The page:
People entering a sensory room with someone who “gets them", who understands their sensory needs and abilities, who is willing to engage with them in a manner that best suits them, have a magical time in the rooms. If someone is in the room with someone who does not get them, it doesn’t matter how expensive the room was, how well designed, or how impressive, very little of any impact is likely to occur. If you understand the children you support in your settings and you have the thousands of pounds needed to install a sensory room, by all means, go ahead, as I said, they’re amazing spaces, But, if you do not have that kind of money kicking around in your pocket, have a look at the three most significant positive characteristics I discovered for sensory rooms and think about how you could improvise them. 

The three most significant positive characteristics of effective sensory rooms that I identified in my research were that they were dark, activity-associated, and uninterrupted spaces. Let’s take them one by one: 

Dark: Can you create a dark space in your setting? It could be a pop-up dark tent (I have a fab one from TTS), it could be dark fabric thrown over a table, or it could be a huge cardboard box (did you know motorbikes get delivered to dealerships inside big cardboard boxes?) You could buy some blackout blinds to cover your windows, or just cut cards to shape and attach Velcro dots to your window frames to allow you to pop them up and down. 

Activity-associated: People found response levels were high in the rooms because the people entering them knew what they were going to do there. A bit like how people know they’re going swimming when they smell the swimming pool, or they know they will be cooking in the kitchen. This effect is powerful, and it does not have to be about a sensory room, creating a sensory orientation to activities (like with the sensory scaping we talked about in my previous article) helps people to tap into their understanding from the last time they were in that space and engage more quickly. 

Uninterrupted: This one speaks for itself, doesn’t it? If you are going to try and connect with someone, engaging deeply in an activity together, but one of you gets called away by the phone or distracted by someone else, then the magic that builds up around that shared experience will burst like a bubble. Again, this is a characteristic that is not just valuable about a sensory room, think about how you could protect key activities – is there a sign you can put on the door to ensure no one walks in during storytime? Is there an area of the room that is occupied just by an invited group and everyone else knows not to go in until it is their turn?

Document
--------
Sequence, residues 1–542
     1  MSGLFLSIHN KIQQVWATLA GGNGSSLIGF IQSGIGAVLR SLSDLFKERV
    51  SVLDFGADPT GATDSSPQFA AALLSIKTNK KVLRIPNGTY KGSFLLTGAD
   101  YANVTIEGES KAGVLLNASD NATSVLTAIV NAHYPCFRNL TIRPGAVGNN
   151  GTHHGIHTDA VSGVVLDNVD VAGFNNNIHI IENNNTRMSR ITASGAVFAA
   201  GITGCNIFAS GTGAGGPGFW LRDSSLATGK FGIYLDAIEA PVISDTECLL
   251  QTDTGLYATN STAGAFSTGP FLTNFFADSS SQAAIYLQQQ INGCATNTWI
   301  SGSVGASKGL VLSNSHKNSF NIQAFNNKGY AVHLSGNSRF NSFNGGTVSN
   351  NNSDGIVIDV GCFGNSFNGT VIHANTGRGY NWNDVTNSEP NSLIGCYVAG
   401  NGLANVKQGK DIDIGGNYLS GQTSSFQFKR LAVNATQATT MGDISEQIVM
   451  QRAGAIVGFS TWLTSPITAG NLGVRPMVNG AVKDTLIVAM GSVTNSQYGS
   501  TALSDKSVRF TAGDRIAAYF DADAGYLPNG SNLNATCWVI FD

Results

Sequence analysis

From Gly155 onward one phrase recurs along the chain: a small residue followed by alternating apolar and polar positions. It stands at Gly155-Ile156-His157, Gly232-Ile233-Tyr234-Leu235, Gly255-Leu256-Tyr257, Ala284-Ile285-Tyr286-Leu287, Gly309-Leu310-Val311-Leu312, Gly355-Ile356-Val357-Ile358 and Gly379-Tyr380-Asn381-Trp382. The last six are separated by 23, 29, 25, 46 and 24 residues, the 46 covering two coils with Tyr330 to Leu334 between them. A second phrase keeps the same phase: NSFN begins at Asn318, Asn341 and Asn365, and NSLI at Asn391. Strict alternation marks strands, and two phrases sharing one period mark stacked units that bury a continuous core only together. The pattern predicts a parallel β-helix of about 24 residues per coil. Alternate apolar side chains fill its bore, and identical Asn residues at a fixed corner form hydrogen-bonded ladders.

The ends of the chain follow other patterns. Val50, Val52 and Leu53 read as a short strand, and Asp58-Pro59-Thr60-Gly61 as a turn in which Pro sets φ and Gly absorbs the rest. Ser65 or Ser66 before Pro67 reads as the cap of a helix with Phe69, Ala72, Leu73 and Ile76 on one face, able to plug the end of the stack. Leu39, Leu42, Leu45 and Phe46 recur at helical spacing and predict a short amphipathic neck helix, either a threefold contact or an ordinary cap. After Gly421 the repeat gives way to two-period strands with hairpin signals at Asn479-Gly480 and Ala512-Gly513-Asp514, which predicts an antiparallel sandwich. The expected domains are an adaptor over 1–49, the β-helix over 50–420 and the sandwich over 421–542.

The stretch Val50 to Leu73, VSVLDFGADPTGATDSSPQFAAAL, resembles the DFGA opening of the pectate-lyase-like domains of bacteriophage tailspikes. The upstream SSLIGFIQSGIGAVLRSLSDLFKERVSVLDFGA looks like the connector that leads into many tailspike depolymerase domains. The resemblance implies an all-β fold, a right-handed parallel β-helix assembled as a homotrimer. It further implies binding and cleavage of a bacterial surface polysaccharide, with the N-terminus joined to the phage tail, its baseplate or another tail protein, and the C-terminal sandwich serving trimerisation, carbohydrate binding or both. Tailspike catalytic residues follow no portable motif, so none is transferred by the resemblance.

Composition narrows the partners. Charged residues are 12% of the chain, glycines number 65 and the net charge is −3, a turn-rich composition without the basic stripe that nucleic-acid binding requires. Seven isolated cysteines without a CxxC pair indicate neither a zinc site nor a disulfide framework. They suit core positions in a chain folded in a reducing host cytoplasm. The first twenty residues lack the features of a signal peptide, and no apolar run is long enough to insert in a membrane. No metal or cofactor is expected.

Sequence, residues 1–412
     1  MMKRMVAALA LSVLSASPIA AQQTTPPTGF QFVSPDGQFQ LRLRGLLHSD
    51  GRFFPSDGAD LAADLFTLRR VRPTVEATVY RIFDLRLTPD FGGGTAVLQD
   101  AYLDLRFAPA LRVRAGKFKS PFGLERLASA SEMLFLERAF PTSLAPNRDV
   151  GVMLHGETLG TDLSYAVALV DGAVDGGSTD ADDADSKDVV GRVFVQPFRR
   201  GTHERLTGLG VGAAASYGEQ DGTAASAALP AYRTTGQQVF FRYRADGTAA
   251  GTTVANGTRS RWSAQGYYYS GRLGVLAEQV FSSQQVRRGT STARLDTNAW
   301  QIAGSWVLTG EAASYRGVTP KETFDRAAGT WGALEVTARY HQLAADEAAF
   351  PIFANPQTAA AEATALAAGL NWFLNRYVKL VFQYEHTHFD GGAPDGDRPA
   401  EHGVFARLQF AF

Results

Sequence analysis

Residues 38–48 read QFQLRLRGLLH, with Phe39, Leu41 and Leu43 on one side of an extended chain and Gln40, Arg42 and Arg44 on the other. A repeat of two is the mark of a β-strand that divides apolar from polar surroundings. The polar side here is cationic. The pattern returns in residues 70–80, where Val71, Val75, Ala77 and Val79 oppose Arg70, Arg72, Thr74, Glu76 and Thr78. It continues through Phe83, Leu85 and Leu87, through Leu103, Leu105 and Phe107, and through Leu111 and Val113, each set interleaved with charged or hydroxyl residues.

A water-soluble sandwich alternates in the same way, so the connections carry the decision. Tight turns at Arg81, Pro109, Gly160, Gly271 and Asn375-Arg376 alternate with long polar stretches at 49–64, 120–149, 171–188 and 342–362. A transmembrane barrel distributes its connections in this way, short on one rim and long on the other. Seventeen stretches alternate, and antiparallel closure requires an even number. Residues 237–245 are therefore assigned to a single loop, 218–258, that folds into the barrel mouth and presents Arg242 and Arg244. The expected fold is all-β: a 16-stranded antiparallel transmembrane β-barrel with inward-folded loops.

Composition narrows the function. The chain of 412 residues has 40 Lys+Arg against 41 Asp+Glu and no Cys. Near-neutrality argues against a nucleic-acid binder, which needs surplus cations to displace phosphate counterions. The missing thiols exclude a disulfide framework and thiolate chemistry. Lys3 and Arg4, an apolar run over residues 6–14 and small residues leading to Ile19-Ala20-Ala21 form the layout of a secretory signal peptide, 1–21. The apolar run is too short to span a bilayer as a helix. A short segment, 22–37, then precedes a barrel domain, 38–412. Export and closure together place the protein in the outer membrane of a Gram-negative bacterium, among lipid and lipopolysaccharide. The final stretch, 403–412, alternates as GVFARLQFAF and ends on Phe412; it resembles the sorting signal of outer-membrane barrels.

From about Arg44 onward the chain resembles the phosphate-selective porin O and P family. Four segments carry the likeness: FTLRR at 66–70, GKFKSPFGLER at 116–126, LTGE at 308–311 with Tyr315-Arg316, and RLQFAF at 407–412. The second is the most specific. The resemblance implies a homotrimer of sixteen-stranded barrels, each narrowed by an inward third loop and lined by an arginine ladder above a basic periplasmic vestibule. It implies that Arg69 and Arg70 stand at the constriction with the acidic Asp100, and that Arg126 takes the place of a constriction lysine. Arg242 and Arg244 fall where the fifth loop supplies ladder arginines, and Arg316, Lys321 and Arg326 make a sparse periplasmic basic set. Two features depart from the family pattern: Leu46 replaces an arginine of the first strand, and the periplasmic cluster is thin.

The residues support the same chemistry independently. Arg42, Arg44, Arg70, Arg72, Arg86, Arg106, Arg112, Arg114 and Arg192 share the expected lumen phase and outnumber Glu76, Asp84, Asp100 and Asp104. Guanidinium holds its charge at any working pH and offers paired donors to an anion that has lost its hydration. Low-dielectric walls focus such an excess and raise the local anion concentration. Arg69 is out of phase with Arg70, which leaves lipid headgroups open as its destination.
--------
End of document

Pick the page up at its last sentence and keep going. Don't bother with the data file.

The magic of multisensory rooms is not found in bubble tubes or fibre optics, it is in the humans within them and in their willingness to listen to one another with all their senses. Connecting in a moment of shared sensory understanding.  

My first three articles were about why and how to offer engaging sensory experiences within your setting; these three have been about considering the sensory landscape of your setting, and the next two are going to be about providing for individual children who have particular sensory needs, and later in this series, we will look at eating. Please feel free to connect with me on social media to watch my current sensory adventures unfurl, all the connection links can be found on my website www.TheSensoryProjects.co.uk  

About the author:

Joanna Grace is an international Sensory Engagement and Inclusion Specialist, trainer, author, TEDx speaker and founder of The Sensory Projects. Joanna draws on her own personal experiences to inform her writing surround neurodivergence, SEN, and inclusion in early years.

About the author:

Joanna Grace is an international Sensory Engagement and Inclusion Specialist, trainer, author, TEDx speaker and founder of The Sensory Projects. Joanna draws on her own personal experiences to inform her writing surround neurodivergence, SEN, and inclusion in early years.

About the author:

Joanna Grace is an international Sensory Engagement and Inclusion Specialist, trainer, author, TEDx speaker and founder of The Sensory Projects. Joanna draws on her own personal experiences to inform her writing surround neurodivergence, SEN, and inclusion in early years.